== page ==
Senator McDonald is nodding her head over there. You can fund resources companies and advocate for them, but they get on their planes and they fly out of those locations. That don't stay there and they do not endure some of the impacts of what's happening for those communities.

Traditional owners tell me about some of the instances where there are sacred burial sites that are being uncovered. We had the debate in this place yesterday about the Aboriginal Cultural Heritage laws. They're not only being uncovered by some of the cultural heritage surveys conducted in this country but also by the rising sea levels. Our island nations in the Torres Strait have also taken court action against the government in relation to these. There is also smog and emissions that come from these facilities that are eroding sacred rock art in my state of Western Australia. There are songlines that are being placed at risk because of the gas pipelines and wells that are disrupting these sacred places. Most importantly, they tell me that no-one talks to them. No-one comes out and asks them about what is happening in their land and in their sea country. They are not providing consent to these projects, in order to receive compensation for that—reparation.

I'm glad Senator Duniam raised the issue of money, because that is not happening for some of these groups. Whilst this bill pertains to the emission of the project and seeks to address this legislative gap, this opposition from traditional owners shows another legislative gap that the government and the fossil fuel companies are, in fact, taking advantage of. This bill seeks to fix the part that's unbalanced. Really, it's the least the government could do.

Beetaloo Basin has been given the green light by the Northern Territory government. They walked back promises to fully implement all the recommendations from the Pepper inquiry. That's before fracking even occurred in the Beetaloo Basin. We talk about the emissions. They have estimated this could increase the Northern Territory's emissions by 117 million tonnes of CO2 per annum—not overall, per annum. This is 22 per cent of Australia's annual emissions—with a 43 per cent target. Wow. It gets better. Let's talk about Woodside's Scarborough project in Western Australia. It is estimated that their emissions over the life of the project—until 2055, and, in fact, they are looking to stretch that out to 2070—is now 1.37 billion tonnes of CO2. It's going to bust that emissions target on its own by continuing to expand Pluto 3 and 4 at Scarborough. Narrabri in New South Wales could add almost 130 million tonnes of emissions due to its operations. On top of all these, it's also been reported recently there are methane leaks from gas facilities. These are not even being measured. The irony of this is that we don't actually know how much of it is leaking out, because people haven't been monitoring or measuring it. But what we do know is that methane is more potent than CO2. These things are completely unacceptable and that is why we are here as elected members, to make sure that we have legislation that is fit for purpose. We are in the middle of a climate crisis. It is here. Not one of these projects should continue to go ahead, let alone all of the ones that I have just listed. These are the climate bombs that we can't afford to let off.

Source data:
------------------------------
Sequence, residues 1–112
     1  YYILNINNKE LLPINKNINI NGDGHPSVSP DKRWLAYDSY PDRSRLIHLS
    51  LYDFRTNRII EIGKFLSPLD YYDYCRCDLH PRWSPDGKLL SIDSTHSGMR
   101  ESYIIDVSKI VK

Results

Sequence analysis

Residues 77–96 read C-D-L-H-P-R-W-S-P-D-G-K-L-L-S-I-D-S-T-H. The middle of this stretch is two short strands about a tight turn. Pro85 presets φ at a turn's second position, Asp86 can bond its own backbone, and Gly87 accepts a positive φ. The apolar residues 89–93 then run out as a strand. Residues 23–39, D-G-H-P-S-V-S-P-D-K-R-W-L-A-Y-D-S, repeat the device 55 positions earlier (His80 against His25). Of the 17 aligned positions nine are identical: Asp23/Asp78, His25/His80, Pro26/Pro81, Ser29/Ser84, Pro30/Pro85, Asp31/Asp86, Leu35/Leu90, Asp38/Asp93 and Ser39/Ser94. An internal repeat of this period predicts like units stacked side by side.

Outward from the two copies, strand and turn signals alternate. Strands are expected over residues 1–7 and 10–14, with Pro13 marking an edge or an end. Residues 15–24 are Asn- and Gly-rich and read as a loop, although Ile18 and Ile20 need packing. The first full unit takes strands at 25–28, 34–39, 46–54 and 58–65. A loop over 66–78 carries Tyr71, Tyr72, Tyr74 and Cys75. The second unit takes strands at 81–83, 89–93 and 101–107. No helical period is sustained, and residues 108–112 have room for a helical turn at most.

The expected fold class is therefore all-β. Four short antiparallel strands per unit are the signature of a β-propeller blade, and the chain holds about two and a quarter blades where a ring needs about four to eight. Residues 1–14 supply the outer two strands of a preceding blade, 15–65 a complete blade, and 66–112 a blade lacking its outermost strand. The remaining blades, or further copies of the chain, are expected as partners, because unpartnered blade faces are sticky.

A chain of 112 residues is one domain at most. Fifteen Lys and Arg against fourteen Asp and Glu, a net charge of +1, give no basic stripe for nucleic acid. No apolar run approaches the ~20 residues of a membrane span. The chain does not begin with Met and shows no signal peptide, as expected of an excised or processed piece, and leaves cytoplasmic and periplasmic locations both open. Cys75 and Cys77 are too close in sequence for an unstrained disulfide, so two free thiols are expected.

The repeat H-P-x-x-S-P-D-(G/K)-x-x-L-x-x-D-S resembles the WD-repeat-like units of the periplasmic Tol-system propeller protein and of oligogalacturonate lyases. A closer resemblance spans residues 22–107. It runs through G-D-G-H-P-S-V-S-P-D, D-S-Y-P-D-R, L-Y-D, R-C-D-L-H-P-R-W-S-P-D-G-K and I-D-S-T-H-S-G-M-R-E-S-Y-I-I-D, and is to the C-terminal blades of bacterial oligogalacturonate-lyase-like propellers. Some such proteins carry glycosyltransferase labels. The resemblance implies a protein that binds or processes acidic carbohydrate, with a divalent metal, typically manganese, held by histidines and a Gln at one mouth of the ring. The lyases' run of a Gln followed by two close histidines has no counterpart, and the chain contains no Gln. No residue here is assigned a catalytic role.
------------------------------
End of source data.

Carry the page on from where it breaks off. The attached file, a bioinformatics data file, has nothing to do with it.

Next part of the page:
I have not even yet mentioned the billions of dollars of fossil fuel subsidies that the government provides and the millions of dollars that fossil fuel companies donate to the major parties. We know that. Every year that is reported, and Senator Waters does an amazing job exposing that for our team, so thank you, Senator Waters, for your amazing work. This means this whole system is completely broken. It's not just one thing. The climate trigger will enable us to look at these projects better, to look at the impact for the environment. Currently, in some dark, smoky room, as my colleague Senator Shoebridge would say, the industry has set up this system that's in favour of the fossil fuel companies, working with the government against the environment, against the climate and against traditional owners in this country, as I have already said. This system continues to cook the planet. It's destroying cultural heritage in this country. It pays big for a select few, while the rest of us are left to suffer the consequences.

There is, in fact, a long, long fight ahead of us, friends. For those people out there watching today, the climate wars are far from over unless we do something about it today, unless we have the courage and show the leadership that we have brought to this place by putting a climate trigger in the EPBC Act.

9:57 am

Photo of Susan McDonaldSusan McDonald (Queensland, National Party, Shadow Minister for Resources) Share this | | Hansard source

This bill is purportedly but not practically aimed at reducing emissions-intensive activities through Australia. It's irresponsible. It's hysterical, but we should be used to that, and I will get to this later. Its contents reflect the Greens' ongoing ambitions to encourage increased Green lawfare and impose tougher, more stringent environmental conditions and standards than already apply to economic projects and activities across this country.